When the pandemic started and so many of us started to work from home, our collective facades were shattered. We saw each other’s pets, we heard each other’s kids, and we saw that kids can run into the room at inopportune times. But, again, collectively, we all tried to keep that façade of professionalism and “I’ve got it all together,” even when we often do not. I remember a picture of a mom dressed professionally, looking together on a Zoom screen, but when you panned out, you could see the reality—the mess in the room, the kid hanging on her leg, and so on. To me, it spoke to me not only during a pandemic shift but also to life as a grieving parent.
“I’m good, thanks for asking.”
How often do we answer the question of how you are doing with these stock responses and its slight variations?
But, is that the truth? I can certainly say that most of the time, since losing Colette, I have not been completely truthful in those responses. Those of us grieving and parenting after loss have a hidden side that few know about. It is the truth behind our responses of good, okay, and fine. Sometimes the response words are completely false and sometimes they are just part of the larger story—the façade of joy, happiness, and excitement that we allow the world to see while we hide the rest of the reality below the surface, hidden by a smile and a self-assured yup, I’m good.
So what if we were honest when we answered? What if we told the whole truth to more than a few people?
I thought about what some of my responses would have been recently and here’s a look at them:
“I’m good but today out of nowhere, I got hit with a memory and I sobbed over Colette and why she wasn’t here.”
“I’m okay but I shared a picture of my family in a presentation with our Coco bear representing Colette and then all I could really think about is what my family could and should look like and then I was sad.”
“I’m good, but this morning my son got a hold of the dog’s food and I pulled it out of his mouth with little issue, but since I knew the food could pose a choking hazard, I had a panic and flash of him choking and dying. But, yeah, I’m good.”
“I’m okay and loving my time with Elliott as he is growing and walking, but I happened to see a headline about a child dying of COVID and now I am panicked that Elliott is going to get it and die and I don’t know what to do with those feelings. But, sure, I’m okay.”
“I’m great and am so excited to see my son walking and love seeing the looks on his face as he walks to me, but I also wonder if Colette had lived, when would she have started walking and if she was here, would Elliott have started earlier, and I started down a rabbit hole filled with despair and what if’s that can never be answered.”
“I’m good, but then I saw a story of a 23 weeker who is now a teenager and I want to scream and yell about how it is that other babies survive, even those born earlier than Colette, and mine did not get the same chance.”
It’s a little different, no? It’s taking the reality that we, as loss parents, experience—the joy, happiness, excitement, mundane right alongside of grief, sadness, fear, panic, and worry.
Every day, it’s like our brains go to two lists of emotions and take one from Column A (the positive emotions and the neutral emotions) and one from Column B (the painful emotions, the fearful emotions) and then says, okay, so today you’ll experience this feeling AND that feeling simultaneously and maybe one more than the other, but we really cannot let you know which one. Oh, and if it’s a special day like a birthday or anniversary or a Mother’s Day or whatever, we may mix a couple of other emotions in there as a nice little surprise. But, don’t worry, we won’t save that surprise only for certain days, we’ll sometimes pick a random Tuesday and say hey, today, you’re going to experience one positive emotion and five painful ones.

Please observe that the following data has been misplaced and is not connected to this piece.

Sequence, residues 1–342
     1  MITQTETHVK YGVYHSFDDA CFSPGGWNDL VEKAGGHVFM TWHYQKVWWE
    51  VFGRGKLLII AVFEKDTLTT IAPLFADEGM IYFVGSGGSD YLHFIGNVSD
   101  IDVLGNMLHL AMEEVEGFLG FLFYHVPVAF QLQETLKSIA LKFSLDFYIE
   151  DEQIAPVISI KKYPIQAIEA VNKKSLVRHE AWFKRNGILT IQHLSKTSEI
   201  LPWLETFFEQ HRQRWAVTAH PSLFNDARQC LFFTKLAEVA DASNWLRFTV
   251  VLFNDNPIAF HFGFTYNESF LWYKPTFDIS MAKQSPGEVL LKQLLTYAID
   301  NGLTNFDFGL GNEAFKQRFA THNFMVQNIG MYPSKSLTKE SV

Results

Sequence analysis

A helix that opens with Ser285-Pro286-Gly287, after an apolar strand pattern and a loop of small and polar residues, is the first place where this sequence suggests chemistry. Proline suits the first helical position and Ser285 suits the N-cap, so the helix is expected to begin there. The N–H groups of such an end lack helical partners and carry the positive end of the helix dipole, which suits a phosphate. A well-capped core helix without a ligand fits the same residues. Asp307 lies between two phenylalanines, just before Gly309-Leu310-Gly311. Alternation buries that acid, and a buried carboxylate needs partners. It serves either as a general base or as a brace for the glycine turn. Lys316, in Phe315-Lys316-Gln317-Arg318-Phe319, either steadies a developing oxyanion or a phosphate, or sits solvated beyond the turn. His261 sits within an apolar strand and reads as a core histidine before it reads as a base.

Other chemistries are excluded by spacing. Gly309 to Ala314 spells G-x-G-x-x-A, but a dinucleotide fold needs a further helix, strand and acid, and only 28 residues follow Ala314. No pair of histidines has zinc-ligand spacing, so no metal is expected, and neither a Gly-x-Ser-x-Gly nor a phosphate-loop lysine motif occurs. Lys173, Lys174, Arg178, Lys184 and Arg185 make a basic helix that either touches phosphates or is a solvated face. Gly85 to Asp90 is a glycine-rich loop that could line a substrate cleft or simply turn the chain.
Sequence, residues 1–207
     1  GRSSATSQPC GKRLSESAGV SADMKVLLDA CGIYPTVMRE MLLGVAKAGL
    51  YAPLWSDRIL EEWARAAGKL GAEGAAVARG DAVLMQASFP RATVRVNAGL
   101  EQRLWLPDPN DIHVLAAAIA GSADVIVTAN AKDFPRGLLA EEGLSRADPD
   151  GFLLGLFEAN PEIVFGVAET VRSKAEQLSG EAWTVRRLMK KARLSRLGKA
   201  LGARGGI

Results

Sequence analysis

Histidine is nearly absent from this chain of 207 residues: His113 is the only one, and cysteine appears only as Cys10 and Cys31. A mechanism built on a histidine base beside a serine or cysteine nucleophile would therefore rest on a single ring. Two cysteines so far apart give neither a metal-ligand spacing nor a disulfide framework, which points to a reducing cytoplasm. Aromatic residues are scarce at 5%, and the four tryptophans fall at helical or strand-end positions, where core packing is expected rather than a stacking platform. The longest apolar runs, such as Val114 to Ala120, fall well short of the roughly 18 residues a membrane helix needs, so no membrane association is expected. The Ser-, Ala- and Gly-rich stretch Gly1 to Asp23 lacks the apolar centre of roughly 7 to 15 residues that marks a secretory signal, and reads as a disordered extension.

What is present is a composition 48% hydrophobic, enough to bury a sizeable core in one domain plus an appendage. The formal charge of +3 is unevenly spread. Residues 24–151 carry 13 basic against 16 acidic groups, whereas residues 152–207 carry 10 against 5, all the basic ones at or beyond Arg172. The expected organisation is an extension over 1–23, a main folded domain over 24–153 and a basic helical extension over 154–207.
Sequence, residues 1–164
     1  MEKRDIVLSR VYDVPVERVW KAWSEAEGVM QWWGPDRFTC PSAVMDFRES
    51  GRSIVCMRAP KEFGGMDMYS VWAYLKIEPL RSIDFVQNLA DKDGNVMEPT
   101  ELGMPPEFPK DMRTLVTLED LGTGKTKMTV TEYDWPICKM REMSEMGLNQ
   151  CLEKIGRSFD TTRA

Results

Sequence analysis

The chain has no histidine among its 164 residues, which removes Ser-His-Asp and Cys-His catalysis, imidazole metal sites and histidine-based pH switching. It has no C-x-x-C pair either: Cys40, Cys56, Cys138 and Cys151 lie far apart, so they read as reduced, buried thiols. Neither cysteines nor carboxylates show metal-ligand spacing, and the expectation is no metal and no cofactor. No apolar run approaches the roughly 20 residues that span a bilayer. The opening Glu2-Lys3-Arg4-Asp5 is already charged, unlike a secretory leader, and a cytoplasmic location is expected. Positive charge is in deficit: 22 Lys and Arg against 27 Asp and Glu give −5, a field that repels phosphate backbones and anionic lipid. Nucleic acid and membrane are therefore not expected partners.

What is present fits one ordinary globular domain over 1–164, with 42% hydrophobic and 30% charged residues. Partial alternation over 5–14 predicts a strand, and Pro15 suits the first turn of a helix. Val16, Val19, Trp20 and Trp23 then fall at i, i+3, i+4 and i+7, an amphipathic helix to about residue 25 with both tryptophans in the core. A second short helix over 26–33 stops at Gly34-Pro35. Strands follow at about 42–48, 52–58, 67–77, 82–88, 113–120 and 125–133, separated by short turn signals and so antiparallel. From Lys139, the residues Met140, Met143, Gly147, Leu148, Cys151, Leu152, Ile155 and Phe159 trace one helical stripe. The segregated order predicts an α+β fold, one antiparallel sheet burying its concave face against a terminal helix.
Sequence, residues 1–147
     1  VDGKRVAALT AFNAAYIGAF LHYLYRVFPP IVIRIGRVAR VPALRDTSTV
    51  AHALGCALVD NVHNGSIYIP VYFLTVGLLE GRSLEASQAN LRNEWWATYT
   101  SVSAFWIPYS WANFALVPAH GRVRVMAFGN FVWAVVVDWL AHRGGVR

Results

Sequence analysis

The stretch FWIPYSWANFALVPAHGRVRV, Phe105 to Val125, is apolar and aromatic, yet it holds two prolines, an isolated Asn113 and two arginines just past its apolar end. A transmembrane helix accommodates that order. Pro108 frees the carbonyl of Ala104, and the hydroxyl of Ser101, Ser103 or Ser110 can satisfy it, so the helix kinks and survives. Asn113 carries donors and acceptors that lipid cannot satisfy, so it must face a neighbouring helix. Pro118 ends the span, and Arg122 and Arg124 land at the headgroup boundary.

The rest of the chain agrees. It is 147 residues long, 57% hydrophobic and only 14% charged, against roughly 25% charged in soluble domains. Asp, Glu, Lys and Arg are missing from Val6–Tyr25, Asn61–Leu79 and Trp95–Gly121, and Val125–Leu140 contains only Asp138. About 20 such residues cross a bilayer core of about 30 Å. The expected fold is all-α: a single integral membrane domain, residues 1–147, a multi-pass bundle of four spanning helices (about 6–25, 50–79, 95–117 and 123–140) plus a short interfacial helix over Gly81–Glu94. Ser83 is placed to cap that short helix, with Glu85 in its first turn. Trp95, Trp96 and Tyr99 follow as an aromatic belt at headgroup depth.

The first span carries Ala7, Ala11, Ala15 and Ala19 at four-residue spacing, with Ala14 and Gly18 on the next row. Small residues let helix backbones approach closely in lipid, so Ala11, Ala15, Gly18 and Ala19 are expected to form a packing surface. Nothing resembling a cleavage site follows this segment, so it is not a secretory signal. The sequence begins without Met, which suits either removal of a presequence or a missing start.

It’s taking the small snapshot of how we look on a Zoom screen or how we appear to the person asking how we are and zooming out to the wide shot in which you see the rest of the story—the messiness, the truth, the things we hide out of frame, out of sight. And the truth is, we’re all multifaceted people and the façade we place in front of people is not always reflective of our true experience. Continuing to always say okay, fine, good does not allow us to develop and strengthen the humanity between us and limits our ability to empathize and relate.
So, just as I so enjoyed the work call I had last week where someone’s son got on camera to tell me he had lost four teeth that week and was almost going to lose his fifth, making my day, despite the fact that his dad was trying to quiet him down and get him off screen, I look forward to the times where we as loss parents feel comfortable stating our whole truth, of zooming out and saying, this is me, this is my experience, this is what I normally hide from the world. And for non-loss parents who see and hear that, respect it, acknowledge it, and sit with us in that because that is the greatest gift you can give us: being there with us.
- Parenting After Loss: Making Space for Both Babies
- Life With My Rainbow Baby is Better, But it’s Not Easier
- Parenting After Loss: Sibling Photos Look Differently But Still Invoke the Same Love
- Just Because It Was Hard Doesn’t Mean It Is Easy: Gratitude and Struggle in Parenting After Loss
- Parenting After Loss: Almost Perfect